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As a kid with two older brothers, I knew how important it was to be the first to crack open a new box of cereal and sift through the contents for the toy inside. I remember fishing out a plastic toy submarine and I absolutely loved it. When you filled the submarine’s compartment with baking powder and dropped it in a container of water, the submarine would—seemingly magically—dive and surface. When I came across Bob Knetzger’s SpudMarine project in MAKE Volume 26, these fond memories flooded back to me.

While the heyday of cereal box toys may be over, you can still make your own diving submarine toy out of a potato. It can take some trial and error, but once you find the perfect ratio of wood and tuber, you can pack it with baking powder (not baking soda) and watch it go.

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Matt Richardson

Matt Richardson

Matt Richardson is a Brooklyn-based creative technologist, Contributing Editor at MAKE, and Resident Research Fellow at New York University’s Interactive Telecommunications Program (ITP). He’s the co-author of Getting Started with Raspberry Pi and the author of Getting Started with BeagleBone.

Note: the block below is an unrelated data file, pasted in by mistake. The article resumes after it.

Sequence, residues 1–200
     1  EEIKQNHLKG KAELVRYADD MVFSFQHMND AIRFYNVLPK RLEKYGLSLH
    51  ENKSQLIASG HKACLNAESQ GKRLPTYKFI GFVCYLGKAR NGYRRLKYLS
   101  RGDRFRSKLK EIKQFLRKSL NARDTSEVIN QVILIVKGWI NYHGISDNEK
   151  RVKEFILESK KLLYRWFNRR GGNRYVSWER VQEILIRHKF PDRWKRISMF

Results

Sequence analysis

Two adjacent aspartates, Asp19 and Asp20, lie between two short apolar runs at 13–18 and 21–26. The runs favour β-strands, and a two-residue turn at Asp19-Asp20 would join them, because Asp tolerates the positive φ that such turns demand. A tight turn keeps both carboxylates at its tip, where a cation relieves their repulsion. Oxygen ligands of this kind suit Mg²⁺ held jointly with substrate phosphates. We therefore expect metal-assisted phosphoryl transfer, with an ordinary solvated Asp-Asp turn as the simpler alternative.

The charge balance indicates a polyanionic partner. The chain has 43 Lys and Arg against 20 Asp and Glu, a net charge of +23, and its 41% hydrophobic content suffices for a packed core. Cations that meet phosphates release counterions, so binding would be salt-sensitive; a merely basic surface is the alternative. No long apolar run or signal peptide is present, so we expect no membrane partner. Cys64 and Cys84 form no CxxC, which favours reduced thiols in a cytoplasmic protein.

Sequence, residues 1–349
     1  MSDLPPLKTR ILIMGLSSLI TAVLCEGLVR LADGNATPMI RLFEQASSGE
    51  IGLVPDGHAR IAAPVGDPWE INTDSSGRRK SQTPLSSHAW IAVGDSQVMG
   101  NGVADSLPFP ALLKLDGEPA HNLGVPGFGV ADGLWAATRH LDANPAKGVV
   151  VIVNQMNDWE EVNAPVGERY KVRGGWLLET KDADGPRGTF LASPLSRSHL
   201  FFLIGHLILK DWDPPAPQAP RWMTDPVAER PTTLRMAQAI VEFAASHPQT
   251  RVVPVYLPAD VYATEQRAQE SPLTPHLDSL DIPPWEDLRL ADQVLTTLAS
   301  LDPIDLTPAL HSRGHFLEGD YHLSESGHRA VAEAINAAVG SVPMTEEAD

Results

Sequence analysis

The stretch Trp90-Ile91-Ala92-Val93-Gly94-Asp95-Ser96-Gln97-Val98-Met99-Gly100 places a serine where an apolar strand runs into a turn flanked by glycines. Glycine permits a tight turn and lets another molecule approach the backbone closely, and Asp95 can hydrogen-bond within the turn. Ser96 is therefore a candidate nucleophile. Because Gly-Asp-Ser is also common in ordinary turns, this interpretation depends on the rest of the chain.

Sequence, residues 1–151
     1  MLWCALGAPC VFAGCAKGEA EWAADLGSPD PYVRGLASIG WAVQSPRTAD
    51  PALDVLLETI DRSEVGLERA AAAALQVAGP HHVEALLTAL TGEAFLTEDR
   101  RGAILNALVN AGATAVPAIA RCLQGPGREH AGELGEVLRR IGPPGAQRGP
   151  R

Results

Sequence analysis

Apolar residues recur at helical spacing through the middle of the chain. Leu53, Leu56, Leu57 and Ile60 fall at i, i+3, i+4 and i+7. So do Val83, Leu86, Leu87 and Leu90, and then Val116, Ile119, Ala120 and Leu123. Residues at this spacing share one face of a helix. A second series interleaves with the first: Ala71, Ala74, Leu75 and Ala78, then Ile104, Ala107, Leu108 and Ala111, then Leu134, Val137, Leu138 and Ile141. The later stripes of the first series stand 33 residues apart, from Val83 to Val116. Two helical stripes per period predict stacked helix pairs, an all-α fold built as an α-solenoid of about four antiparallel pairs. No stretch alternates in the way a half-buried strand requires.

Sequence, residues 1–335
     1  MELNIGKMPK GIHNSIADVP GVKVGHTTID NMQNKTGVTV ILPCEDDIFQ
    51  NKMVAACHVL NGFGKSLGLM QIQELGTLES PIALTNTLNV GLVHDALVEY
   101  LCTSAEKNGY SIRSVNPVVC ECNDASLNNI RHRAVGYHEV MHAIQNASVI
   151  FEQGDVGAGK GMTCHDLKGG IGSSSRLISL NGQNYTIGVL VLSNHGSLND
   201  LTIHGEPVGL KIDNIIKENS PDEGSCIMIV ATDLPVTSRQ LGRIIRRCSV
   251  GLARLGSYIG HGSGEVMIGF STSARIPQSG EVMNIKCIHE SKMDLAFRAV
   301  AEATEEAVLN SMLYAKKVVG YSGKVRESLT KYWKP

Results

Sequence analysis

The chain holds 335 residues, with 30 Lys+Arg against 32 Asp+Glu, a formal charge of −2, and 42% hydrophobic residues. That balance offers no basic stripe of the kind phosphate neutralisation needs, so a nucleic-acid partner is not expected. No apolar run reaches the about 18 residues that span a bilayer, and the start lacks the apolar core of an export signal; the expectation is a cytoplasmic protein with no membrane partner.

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Comments

  1. Similar to raisin racing. Get a glass of fizzy water or lemonade, throw in a few raisins and watch them sink. Carbon dioxide bubbles accumulate on the convoluted surface and brings them to the surface where the CO2 escapes and the raisin goes down again. They’ll do this for about an hour.

    Fun for the whole family.

  2. rherndon says:

    This piece brings back memories of 1954-55. My submarine was a model of the U.S.S. Nautilus, the first U.S. nuclear-powered submarine. I spent many dives of that submarine just watching it do its thing. The process was explained, but that didn’t remove the fascination aspect of it. http://www.torgo.org/bpsubs/index.shtml However, I didn’t have the larger model. I had the smaller, free one, straight from the cereal box.